Panel Paper: Energy Efficiency Investment Decisions: Lessons From the Heavy Duty Trucking Sector

Saturday, November 9, 2013 : 8:40 AM
Plaza II (Ritz Carlton)

*Names in bold indicate Presenter

Ann Wolverton, Heather Klemick and Elizabeth Kopits, Environmental Protection Agency
Economic theory suggests that profit maximizing firms should have an incentive to incorporate technologies into their products that are cost-effective, absent consideration of externalities.  Even in the presence of uncertainty and imperfect information – conditions that hold to some degree in every market – firms are expected to make decisions that are in the best interest of the company.  However, simple net present value calculations comparing upfront costs of fuel-saving technologies to future savings suggest this is not always the case. This puzzle has been observed in a variety of contexts and is referred to as the “Energy Efficiency Paradox.”

A growing number of empirical studies in the peer-reviewed literature examine why households may under-invest in energy efficiency. To our knowledge, far fewer studies examine whether similar undervaluation occurs on the part of industry. There are a wide variety of hypotheses that could explain the reticence of businesses to invest in seemingly cost-effective technologies. These include classic market failures (e.g., asymmetric information, split incentive problems), market barriers (e.g. transaction costs, borrowing constraints), and other factors not accounted for in a present-value calculation (e.g., uncertainty in future returns, loss aversion).

While a variety of hypotheses could explain this behavior, lack of empirical evidence on why businesses do not always invest in seemingly cost-effective energy saving technologies limits our ability to judge whether and when a given hypothesis is valid. In this paper, we explore how capital investment decisions within the heavy duty trucking sector are made for energy-efficient technologies.  Given the lack of readily available data sources, we collect information via focus groups and interviews with individuals involved in a firm’s capital investment decisions.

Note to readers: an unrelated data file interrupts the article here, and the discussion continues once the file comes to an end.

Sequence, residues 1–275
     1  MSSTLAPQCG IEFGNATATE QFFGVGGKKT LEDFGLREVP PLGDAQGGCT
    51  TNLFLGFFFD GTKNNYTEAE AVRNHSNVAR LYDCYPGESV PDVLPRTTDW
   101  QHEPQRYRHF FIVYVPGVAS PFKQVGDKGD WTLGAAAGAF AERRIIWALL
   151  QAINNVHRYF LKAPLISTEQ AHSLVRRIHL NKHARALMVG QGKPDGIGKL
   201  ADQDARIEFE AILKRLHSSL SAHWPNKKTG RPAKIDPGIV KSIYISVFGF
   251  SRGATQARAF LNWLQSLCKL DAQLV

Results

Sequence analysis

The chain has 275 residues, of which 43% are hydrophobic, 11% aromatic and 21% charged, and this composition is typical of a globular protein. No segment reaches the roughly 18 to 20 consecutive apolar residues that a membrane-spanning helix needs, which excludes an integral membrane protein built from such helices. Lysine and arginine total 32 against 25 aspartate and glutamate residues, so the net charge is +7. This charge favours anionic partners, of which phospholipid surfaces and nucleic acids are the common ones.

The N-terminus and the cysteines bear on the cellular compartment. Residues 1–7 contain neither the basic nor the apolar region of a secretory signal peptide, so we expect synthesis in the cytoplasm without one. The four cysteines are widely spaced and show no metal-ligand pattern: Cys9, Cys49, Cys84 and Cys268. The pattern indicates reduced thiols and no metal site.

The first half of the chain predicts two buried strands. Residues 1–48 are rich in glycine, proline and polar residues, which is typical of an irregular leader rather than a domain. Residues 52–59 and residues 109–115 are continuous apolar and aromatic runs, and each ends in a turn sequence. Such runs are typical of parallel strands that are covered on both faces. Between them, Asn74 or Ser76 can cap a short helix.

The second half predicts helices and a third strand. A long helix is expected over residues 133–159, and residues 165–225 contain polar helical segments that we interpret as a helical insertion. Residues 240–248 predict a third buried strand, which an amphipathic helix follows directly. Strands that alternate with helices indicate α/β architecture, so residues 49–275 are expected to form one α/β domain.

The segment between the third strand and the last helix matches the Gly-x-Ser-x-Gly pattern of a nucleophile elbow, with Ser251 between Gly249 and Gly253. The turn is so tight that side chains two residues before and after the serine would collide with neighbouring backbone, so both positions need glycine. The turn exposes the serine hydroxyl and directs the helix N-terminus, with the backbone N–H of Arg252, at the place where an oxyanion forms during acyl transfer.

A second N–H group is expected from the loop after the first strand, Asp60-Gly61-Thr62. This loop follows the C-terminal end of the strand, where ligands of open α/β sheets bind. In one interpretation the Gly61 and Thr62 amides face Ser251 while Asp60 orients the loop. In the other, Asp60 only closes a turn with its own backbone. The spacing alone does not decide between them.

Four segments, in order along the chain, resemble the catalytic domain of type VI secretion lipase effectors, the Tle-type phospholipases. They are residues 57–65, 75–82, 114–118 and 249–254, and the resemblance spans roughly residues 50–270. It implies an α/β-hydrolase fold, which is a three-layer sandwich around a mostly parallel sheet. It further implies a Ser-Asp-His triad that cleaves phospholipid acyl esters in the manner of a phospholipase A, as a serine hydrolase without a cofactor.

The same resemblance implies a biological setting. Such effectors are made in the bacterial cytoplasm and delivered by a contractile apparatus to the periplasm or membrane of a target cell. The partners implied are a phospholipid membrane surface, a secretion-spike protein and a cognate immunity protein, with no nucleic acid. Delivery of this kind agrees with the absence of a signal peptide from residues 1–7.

As expected, we find evidence of an apparent “energy efficiency paradox” in this sector. Many participants are looking for paybacks of 1 – 4 years even though they generally hold onto tractors for at least 7 years. The main reasons for this seem to be related to factors not well accounted for in present value calculations such as heterogeneity across routes and treatment of risk.  While upfront cost and fuel efficiency were recognized as important factors in an investment decision, participants also mentioned many other factors as important that are not reflected in a simple present value calculation – e.g., reliability and driver comfort. Also, the individual circumstances of a route may mean that a technology that on average is expected to yield net savings does not always do so.  This finding suggests that technologies that appear favorable based on a simple engineering analysis might not, in fact, be cost effective in all situations.  

Finally, lack of information does not seem to be a dominant factor in this sector. The participants were generally very knowledgeable with regard to the technologies available in the marketplace, and had investigated or tried many of them.  Many have electronic on-board recorders in trucks that collect data by route, driver, and for a wide variety of variables. Those without onboard recorders still often require drivers to log information after each route.